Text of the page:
And let’s not forget what else the Bible says about government - we are to pray for our elected leaders. Let’s pray for the leaders we like and especially for the ones we don’t. Let’s seek to be as much a support as we can be to those who rule over us, realizing they are flawed and will make mistakes. Let’s all pray for one another and for our country. Let’s use this as an opportunity to band together as we prepare to climb out of the economic hole this disease will leave us in. And let’s trust our sovereign God to bring good out this bizarre season of our lives as we seek to be wise in submitting to the government he has placed over us.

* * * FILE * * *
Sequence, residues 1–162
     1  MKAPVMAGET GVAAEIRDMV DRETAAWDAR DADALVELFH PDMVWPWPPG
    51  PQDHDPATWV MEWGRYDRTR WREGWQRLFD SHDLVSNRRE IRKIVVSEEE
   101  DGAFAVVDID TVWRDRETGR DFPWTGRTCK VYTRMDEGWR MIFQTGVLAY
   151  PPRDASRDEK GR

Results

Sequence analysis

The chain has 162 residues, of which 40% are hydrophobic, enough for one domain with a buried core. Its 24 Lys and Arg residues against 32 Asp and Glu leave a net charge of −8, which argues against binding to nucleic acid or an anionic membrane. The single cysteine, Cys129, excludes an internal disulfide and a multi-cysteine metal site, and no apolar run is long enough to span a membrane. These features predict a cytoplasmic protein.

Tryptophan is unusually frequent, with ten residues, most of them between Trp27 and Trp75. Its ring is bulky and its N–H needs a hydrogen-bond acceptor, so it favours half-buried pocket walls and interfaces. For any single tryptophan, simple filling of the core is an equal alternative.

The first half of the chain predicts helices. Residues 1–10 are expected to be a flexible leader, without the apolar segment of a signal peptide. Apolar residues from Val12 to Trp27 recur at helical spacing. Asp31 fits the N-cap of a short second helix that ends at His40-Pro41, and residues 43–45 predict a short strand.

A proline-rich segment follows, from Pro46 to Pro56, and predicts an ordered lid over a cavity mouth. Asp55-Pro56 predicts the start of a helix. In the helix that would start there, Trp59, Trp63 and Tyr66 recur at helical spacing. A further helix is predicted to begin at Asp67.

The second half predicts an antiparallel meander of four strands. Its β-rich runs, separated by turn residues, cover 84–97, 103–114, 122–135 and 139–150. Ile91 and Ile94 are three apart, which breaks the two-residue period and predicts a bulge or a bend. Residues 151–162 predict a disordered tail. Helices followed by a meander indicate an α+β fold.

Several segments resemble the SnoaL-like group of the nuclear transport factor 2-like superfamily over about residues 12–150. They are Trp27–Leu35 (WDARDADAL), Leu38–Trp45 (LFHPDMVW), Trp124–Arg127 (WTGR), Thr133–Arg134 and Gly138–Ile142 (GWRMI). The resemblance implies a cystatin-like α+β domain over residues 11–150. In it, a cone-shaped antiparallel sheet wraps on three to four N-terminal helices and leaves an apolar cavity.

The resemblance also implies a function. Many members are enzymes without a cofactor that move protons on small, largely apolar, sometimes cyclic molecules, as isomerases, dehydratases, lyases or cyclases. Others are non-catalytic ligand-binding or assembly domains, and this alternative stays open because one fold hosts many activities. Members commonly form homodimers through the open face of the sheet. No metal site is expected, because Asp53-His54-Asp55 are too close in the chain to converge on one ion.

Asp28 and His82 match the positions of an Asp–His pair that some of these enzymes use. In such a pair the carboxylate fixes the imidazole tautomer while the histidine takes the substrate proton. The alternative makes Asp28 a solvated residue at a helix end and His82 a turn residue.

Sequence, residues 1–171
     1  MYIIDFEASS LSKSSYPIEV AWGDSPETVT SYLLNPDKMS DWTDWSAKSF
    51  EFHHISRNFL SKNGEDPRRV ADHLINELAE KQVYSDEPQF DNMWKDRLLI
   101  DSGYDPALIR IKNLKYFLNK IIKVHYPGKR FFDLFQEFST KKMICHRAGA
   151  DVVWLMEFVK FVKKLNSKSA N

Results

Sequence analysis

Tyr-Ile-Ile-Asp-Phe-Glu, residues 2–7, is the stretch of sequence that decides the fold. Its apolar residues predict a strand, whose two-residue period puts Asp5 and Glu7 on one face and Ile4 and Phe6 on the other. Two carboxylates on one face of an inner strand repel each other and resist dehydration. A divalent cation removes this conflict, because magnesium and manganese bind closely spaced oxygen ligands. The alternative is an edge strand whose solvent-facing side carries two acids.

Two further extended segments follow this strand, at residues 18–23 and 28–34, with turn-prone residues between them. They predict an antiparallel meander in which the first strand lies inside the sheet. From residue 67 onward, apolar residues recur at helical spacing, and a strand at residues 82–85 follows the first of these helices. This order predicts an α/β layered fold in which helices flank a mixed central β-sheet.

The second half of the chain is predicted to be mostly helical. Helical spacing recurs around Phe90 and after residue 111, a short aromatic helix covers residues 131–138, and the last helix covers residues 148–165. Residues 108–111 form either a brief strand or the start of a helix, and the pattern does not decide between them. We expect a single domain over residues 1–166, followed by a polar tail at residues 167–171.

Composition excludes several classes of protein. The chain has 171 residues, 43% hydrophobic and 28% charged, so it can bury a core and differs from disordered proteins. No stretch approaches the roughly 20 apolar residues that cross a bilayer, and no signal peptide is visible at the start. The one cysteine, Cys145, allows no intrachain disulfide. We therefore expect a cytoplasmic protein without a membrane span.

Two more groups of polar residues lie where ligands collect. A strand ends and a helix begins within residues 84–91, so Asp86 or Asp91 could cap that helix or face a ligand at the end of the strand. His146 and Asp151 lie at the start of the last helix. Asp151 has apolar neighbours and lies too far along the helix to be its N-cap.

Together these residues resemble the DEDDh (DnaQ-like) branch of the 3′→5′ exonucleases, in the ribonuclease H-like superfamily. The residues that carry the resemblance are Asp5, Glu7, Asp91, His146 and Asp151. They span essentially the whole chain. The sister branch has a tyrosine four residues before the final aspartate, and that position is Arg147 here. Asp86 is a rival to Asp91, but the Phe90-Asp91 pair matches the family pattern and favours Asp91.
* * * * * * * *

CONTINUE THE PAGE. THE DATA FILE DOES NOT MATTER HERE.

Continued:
Note: I recently did a podcast where I interviewed my head pastor, Pastor Phelps, on this very issue. While this post reflects my own views, I would be lying if I didn’t say that his perspective on this issue has helped to sharpen and clarify my own. If you would like to listen to the episode, you can find it here, or just search Colonial Hills Podcast on Google Podcasts, Apple Podcasts, or Spotify and find the episode.
Ben Hicks went to Bob Jones University for college and stayed on for grad work, recently graduating with his Master of Divinity. Ben is the Young Adults Pastor and oversees the Single Focus ministry at Colonial Hills Baptist Church. Follow him on Twitter @HicksBen